Lyn Wineman:

And that’s a, I appreciate that overview because it’s more than me just planting a tree in my yard, although me planting a tree in my yard is a very important part of it too. I have to tell you, I didn’t connect the dots on this, but somebody gifted me a bag of that shade grown coffee. And I had it this morning, it’s amazing. So I’m going to give you a plug for that coffee there.

Dan Lambe:

That’s great.

Lyn Wineman:

So a huge part of what you do involves sustainability, and we’re all talking about, I think sustainability right now with some of the new research that’s coming out and reports and warnings. Can you share the foundation’s work with those groups and how you connect with the community to work towards a more sustainable future?

Dan Lambe:

You bet. So trees again are no longer just a nice to have. It isn’t just about flowering trees in the spring, beautiful fall color, it’s about trees as a real nature-based solution to sustainability issues. And there are cities all around the country and around the world who are facing big challenges, challenges like urban heat and equity and justice, and storm water management. And the list goes on and on. And trees are a part of the solution for many of those big issues as cities and communities are striving to create healthy, sustainable and resilient communities. We also work with hundreds of corporate partners around the world. Some of the biggest brands in the world, we have more than 200 different corporate partners. And they are not knocking on our door because they just want to give us a gift, it’s great if they do, but they’re looking for a solution.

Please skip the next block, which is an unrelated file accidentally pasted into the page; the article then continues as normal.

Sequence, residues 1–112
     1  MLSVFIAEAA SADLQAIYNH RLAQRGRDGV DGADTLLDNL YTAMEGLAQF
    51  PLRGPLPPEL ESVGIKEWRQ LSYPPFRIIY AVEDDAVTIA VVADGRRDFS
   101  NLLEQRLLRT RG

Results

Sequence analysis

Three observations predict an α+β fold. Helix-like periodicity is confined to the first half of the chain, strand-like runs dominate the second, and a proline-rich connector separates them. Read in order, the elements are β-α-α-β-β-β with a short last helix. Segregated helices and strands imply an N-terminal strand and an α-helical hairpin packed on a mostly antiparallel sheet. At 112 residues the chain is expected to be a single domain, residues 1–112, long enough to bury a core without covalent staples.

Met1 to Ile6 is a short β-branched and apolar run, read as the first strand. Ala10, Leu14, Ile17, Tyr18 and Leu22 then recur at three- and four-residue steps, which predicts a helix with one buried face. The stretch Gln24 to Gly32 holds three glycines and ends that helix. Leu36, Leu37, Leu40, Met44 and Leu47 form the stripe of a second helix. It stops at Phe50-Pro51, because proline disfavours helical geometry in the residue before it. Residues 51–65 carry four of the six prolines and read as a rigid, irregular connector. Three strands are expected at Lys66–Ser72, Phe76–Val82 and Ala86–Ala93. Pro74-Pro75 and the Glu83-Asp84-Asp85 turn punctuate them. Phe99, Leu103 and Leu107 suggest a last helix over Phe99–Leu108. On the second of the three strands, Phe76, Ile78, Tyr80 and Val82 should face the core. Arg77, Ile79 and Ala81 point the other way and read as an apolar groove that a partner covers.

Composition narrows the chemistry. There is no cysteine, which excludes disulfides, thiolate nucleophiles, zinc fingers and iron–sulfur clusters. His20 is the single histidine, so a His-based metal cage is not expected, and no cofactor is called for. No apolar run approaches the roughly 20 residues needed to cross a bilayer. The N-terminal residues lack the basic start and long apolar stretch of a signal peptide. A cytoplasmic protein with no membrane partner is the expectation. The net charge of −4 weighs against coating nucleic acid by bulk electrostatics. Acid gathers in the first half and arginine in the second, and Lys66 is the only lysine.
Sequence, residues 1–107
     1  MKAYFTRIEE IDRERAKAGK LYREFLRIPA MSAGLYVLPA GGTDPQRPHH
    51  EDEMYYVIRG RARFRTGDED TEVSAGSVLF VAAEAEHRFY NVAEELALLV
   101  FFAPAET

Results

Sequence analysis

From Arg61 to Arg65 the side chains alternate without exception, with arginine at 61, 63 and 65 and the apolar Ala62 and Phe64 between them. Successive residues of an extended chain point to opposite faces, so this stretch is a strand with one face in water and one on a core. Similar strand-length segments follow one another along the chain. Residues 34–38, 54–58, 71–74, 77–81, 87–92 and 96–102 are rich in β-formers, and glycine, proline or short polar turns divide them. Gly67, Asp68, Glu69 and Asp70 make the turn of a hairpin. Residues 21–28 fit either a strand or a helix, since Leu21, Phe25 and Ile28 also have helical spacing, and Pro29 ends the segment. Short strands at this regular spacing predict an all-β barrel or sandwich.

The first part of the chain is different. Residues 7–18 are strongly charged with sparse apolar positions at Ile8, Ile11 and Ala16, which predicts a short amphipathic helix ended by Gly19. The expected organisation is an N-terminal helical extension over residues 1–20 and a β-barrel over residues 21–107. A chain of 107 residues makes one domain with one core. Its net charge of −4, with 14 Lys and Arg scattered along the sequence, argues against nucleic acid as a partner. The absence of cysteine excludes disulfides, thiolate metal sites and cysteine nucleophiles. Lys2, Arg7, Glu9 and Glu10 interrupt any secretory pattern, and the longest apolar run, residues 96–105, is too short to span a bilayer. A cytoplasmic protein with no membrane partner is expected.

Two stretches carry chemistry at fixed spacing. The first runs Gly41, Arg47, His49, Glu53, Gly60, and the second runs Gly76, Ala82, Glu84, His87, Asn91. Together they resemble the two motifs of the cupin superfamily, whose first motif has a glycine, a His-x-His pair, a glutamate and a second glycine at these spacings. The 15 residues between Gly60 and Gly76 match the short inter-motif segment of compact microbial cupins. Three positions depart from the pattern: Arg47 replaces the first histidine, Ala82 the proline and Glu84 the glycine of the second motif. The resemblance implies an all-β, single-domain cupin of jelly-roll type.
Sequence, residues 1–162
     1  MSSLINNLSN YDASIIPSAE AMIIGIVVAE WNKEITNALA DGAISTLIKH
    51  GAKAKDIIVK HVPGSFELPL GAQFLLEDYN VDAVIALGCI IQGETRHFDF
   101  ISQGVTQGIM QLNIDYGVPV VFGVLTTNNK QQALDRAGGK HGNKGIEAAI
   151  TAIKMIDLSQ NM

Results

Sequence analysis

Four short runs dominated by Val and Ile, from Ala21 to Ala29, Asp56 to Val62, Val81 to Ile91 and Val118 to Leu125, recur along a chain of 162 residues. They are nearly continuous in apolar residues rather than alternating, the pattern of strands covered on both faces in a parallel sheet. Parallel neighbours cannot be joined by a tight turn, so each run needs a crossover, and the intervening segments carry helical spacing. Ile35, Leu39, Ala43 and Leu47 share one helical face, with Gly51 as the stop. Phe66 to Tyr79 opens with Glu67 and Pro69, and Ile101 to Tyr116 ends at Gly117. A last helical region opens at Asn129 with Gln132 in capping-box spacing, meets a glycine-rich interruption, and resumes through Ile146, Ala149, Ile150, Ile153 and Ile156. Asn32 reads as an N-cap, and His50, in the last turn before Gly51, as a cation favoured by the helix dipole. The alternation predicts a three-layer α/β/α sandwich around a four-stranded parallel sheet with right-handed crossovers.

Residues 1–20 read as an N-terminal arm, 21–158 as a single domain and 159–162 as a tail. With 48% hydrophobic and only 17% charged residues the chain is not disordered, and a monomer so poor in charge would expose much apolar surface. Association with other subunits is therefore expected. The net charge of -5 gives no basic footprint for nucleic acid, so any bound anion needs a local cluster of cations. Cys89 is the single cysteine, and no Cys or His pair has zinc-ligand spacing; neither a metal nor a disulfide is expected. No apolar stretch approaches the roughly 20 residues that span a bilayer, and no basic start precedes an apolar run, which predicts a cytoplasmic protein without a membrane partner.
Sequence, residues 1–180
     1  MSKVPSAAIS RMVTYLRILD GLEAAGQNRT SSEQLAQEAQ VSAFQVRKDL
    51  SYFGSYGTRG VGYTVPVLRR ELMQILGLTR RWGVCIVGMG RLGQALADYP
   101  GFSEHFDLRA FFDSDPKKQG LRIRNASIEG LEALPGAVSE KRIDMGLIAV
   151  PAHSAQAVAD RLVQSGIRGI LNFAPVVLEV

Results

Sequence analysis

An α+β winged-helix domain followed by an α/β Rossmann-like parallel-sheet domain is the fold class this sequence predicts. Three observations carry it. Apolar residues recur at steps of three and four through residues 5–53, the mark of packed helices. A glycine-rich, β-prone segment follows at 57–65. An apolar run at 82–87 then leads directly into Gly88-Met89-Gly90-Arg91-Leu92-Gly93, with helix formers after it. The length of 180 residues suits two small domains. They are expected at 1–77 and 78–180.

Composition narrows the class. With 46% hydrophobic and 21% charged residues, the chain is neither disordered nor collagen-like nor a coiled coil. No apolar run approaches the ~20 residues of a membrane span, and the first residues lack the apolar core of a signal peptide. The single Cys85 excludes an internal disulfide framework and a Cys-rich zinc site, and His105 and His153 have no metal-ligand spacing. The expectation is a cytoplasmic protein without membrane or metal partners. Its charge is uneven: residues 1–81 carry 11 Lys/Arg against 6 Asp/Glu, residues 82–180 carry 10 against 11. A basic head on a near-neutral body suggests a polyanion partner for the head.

Lyn Wineman:

Yeah. Yeah.

Dan Lambe:

And they want to know how trees and forests can be a part of their sustainability and corporate social responsibility solutions. And so we’re excited to be able to help them with everything from forestry carbon offsets, to employee engagement, to their watershed goals, both cleaning and replenishing water supplies, and the list goes on and on. It’s exciting to see trees and forests being recognized by research and by sustainability leaders as one of the most positive ways that has all these coal benefits associated. And it’s been great. And what’s really interesting about it, Lyn, is, again, they’re not doing it for marketing necessarily, they’re doing it because their investors are demanding it, their customers are demanding it, their employees are demanding it, and companies want to be able to offer really positive nature-based opportunities to advance sustainability. So, it’s cool, it’s exciting, and it’s a growing opportunity for all of us.